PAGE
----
Thursday, 29 April 2010

Eight or nine levels of management

I thought this letter deserved a wider audience. I have seen the organisational chart which Senator Ferguson was generous and kind enough to share; it is a truly superb piece of thoroughly professional work by Sarah Ferguson, and I will be researching comparable charts etc for a detailed review of the structure. I suggest that Peter Body and his "levels of management" skeptics ask for a copy.

That a large States department has no organisational chart is amazing - when I was working on a business continuity plan at work, one part of the plan was - quite obviously - an organisational chart, giving posts and responsibilities - and that is for a relatively small organisation. Someone at Heath can't be doing their job properly!

How the States, with large departments like Health, manage without one is, quite frankly, incredible, because any additions to staff will likely be on an ad hoc basis, dependent purely on small clusters, and will very likely involve duplication, because no one has the big picture to hand. Yet the Chief Officers of Health over this period were all charge of managing manage a department in which he was unaware of the detailed structure and work done by its members. Didn't they think it might be useful? Obviously each Chief Officer knew who was beneath him, and each level of the pyramid knew their level, and perhaps a few levels below, but no one could have had the complete picture of how it all fitted together, because they had no chart.

From Senator Sarah Ferguson.

THE letter by John Henwood (JEP, 22 April) regarding the organisational structures of various States departments has been brought to my attention.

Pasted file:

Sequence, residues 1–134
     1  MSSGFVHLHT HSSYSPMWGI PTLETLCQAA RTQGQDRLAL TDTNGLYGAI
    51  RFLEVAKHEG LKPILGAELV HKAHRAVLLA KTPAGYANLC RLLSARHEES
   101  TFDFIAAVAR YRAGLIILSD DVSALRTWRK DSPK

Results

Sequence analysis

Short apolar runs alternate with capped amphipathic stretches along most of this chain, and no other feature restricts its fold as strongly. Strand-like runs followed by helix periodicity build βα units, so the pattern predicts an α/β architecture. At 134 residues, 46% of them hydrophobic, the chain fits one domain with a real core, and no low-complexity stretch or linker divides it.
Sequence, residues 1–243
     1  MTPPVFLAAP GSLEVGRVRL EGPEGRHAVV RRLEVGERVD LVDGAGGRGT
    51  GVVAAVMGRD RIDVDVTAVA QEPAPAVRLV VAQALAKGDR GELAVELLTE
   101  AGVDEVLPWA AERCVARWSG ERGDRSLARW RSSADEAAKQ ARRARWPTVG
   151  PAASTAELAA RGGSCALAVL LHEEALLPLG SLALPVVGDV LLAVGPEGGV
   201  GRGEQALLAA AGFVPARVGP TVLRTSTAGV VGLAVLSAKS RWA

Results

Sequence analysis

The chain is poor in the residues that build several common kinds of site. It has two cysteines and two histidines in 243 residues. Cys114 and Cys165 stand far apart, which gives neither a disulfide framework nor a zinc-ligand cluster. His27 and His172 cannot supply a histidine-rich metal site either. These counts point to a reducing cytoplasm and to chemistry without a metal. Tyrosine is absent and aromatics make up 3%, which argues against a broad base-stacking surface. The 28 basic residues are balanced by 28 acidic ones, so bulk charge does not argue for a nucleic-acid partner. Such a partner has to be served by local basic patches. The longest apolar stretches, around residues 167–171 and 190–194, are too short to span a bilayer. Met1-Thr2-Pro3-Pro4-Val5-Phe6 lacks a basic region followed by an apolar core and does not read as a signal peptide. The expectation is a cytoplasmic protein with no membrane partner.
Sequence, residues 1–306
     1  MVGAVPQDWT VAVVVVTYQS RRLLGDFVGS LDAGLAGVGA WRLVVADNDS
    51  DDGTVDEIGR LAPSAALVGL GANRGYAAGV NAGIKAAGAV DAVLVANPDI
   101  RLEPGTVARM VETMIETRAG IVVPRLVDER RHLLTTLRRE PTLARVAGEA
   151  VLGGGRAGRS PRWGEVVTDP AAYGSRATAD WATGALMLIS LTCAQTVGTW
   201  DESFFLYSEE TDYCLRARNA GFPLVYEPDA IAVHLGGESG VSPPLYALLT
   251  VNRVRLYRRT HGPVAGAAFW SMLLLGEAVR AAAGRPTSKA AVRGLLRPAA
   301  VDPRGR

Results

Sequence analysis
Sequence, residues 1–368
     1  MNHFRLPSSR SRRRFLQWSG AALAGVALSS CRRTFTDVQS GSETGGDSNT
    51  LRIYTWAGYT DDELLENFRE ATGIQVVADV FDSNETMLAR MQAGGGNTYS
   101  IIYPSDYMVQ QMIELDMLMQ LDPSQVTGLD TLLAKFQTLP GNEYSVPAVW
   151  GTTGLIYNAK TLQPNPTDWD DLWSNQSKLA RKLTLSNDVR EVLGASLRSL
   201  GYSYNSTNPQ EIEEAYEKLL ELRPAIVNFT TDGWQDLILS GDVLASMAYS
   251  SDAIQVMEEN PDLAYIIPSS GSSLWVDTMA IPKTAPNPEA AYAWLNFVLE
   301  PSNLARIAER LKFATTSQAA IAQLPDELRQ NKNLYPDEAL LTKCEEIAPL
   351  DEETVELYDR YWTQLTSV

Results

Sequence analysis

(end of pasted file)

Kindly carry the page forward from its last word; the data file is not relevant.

I happen to have the only chart for the Hospital and I have sent this - all 17 pages - to Mr Henwood.

When I first joined the Health Committee, under the presidency of the former Senator Syvret, my first question was to ask for a copy of the organisational structure.

The reply was that this is all we have - the top three layers of management - and if you want any more you will have to do it yourself. So I did it.
I have circulated it to various officials, getting a variety of reactions. These varied from the dismissive to 'how nice'. I have some hopes that the Comprehensive Spending Review may actually address the implications of these charts.

There is evidence that there is too much administration - for some departments within the Hospital there are eight or nine levels of management from the front line to the Health Minister. The Comptroller and Auditor General's report last year on the structure at the Hospital said that it was not possible to evaluate the cost of management because these costs were not known. While I understand improvements have been made the cost of management is not yet known. My understanding is that it should be about 6%.

I hope that the Comprehensive Spending Review addresses some of these issues. Meanwhile I have other departments in my sights!

On a different but related matter, I fear that the subtlety of my question on photocopiers - and I didn't mention bottled water - was lost on your reporter (JEP, 17 April).

Any competent organisation can extract information from the computerised ledgers and identify exactly what has been spent on what. The States ledgers were in such an appalling state that it was not possible to undertake more than very approximate analyses.

This was due to the fact that the financial management function was so poor. Considerable work has been undertaken to rationalise the ledgers and the Public Accounts Committee will no doubt be following this up.

This has been a constant theme of the Comptroller and Auditor General and my Public Accounts Committee and has figured in our reports and my speeches.
Similarly, it is important that the accounts of all the organisations supported by the States should be published in the interests of transparency. This was also mentioned during the hearing.

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